25 January 2005 -- A number of top government officials from across the world spoke yesterday at a special session of the United Nations General Assembly to mark the 60th anniversary of the liberation of the Auschwitz concentration camp in Poland from Nazis.
UN Secretary General Kofi Annan was one of some 40 speakers to participate in the first UN session of its kind.
Annan spoke with dismay of some 6 million Jews who died in the concentration camps and millions of others -- including homosexuals, Roma, and others -- who were killed, imprisoned, or used as slave labor during World War II.
"The tragedy of the Jewish people was unique. Two-thirds of all Europe's Jews, including 1.5 million children, were murdered," Annan said. "An entire civilization, which had contributed far beyond its numbers to the cultural and intellectual riches of Europe and the world, was uprooted, destroyed, and laid waste."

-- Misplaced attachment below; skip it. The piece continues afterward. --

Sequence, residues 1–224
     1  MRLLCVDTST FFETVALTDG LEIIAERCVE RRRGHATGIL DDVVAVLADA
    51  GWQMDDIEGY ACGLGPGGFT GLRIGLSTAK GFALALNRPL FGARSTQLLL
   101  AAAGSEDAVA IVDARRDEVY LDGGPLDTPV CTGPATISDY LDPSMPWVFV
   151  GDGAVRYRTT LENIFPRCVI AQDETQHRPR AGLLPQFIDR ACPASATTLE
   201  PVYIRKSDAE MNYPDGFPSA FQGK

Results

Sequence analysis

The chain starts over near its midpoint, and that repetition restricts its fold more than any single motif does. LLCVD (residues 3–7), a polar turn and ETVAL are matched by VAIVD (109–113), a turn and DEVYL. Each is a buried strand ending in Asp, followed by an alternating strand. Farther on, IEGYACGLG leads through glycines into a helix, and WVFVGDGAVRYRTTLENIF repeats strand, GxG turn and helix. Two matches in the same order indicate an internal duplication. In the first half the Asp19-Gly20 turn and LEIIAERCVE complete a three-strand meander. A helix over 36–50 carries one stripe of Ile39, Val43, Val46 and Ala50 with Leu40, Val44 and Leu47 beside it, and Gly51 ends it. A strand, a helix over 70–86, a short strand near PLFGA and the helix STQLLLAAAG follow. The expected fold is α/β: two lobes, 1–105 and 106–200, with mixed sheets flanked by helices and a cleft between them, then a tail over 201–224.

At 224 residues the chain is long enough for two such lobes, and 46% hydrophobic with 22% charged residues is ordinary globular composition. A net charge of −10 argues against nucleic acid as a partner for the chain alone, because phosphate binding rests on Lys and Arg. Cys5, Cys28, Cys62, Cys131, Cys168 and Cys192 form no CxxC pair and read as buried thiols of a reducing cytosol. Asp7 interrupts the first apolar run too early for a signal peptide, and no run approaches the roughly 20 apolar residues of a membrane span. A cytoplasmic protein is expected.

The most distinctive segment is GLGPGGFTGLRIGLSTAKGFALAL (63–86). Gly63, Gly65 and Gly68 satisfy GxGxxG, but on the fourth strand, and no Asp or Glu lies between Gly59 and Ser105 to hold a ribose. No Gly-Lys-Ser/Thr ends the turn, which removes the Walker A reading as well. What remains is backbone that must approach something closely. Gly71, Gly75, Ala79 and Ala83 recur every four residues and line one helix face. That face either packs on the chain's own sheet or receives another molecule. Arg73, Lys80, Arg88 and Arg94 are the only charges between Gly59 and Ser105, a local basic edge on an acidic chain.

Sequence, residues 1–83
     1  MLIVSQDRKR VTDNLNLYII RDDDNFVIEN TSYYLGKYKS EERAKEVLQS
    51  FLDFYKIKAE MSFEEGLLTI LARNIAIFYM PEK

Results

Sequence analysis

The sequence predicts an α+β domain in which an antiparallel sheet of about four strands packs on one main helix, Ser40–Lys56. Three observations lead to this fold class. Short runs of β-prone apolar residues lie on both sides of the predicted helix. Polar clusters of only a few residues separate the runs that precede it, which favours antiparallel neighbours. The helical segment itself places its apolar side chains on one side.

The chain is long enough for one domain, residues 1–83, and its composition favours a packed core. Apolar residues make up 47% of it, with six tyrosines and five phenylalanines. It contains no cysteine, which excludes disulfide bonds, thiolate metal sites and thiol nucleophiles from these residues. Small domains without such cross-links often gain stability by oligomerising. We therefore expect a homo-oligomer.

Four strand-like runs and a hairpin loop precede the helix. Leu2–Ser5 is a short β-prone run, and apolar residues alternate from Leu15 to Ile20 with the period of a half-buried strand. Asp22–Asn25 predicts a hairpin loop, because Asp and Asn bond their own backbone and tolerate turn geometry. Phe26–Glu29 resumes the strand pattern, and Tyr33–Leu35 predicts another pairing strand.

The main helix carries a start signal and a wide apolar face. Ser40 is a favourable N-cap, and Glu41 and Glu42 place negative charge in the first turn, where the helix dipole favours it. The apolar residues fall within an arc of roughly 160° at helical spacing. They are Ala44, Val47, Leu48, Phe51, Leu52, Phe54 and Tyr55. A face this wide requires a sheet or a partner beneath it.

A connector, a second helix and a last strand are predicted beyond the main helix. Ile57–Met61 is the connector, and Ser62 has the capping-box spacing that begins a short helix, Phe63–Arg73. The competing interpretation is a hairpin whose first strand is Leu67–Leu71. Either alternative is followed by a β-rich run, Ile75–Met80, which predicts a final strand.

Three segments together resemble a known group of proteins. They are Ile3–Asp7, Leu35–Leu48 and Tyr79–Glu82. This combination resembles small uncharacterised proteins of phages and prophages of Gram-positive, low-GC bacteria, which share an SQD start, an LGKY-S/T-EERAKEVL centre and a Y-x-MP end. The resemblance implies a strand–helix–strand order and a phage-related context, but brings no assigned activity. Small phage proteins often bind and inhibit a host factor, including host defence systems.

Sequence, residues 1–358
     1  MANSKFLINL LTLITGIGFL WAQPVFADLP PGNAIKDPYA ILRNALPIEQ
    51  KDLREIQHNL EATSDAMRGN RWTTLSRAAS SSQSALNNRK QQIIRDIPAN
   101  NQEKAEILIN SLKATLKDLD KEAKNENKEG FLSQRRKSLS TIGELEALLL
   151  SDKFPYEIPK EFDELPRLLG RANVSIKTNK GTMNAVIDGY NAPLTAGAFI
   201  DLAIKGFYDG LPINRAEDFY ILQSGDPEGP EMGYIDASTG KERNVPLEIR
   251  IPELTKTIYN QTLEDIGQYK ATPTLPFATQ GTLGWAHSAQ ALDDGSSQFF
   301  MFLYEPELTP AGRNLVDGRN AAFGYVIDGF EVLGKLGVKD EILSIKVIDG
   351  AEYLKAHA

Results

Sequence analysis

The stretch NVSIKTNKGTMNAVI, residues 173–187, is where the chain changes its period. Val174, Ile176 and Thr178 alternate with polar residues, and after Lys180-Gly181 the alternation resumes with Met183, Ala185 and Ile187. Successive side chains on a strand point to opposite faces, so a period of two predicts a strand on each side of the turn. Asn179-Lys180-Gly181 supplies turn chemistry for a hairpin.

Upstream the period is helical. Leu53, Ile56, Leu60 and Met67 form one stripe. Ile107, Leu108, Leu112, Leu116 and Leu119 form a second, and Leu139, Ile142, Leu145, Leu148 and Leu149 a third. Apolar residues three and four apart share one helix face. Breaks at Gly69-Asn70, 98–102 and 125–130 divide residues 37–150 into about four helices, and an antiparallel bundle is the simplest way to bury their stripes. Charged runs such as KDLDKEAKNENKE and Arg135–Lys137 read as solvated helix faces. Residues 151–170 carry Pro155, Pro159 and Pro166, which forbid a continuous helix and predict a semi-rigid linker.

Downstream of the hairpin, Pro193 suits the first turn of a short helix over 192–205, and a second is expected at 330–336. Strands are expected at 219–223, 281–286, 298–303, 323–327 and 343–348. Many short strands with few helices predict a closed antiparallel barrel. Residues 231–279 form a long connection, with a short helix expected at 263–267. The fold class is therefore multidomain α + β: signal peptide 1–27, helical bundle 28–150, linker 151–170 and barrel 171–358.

Annan and Nobel Peace Prize laureate Elie Wiesel, a death camp survivor, both questioned whether UN member states have the will to stop such an action from happening again.
In Strasbourg, France, today, the Council of Europe is scheduled to have a similar commemoration during a session of its Parliamentary Assembly.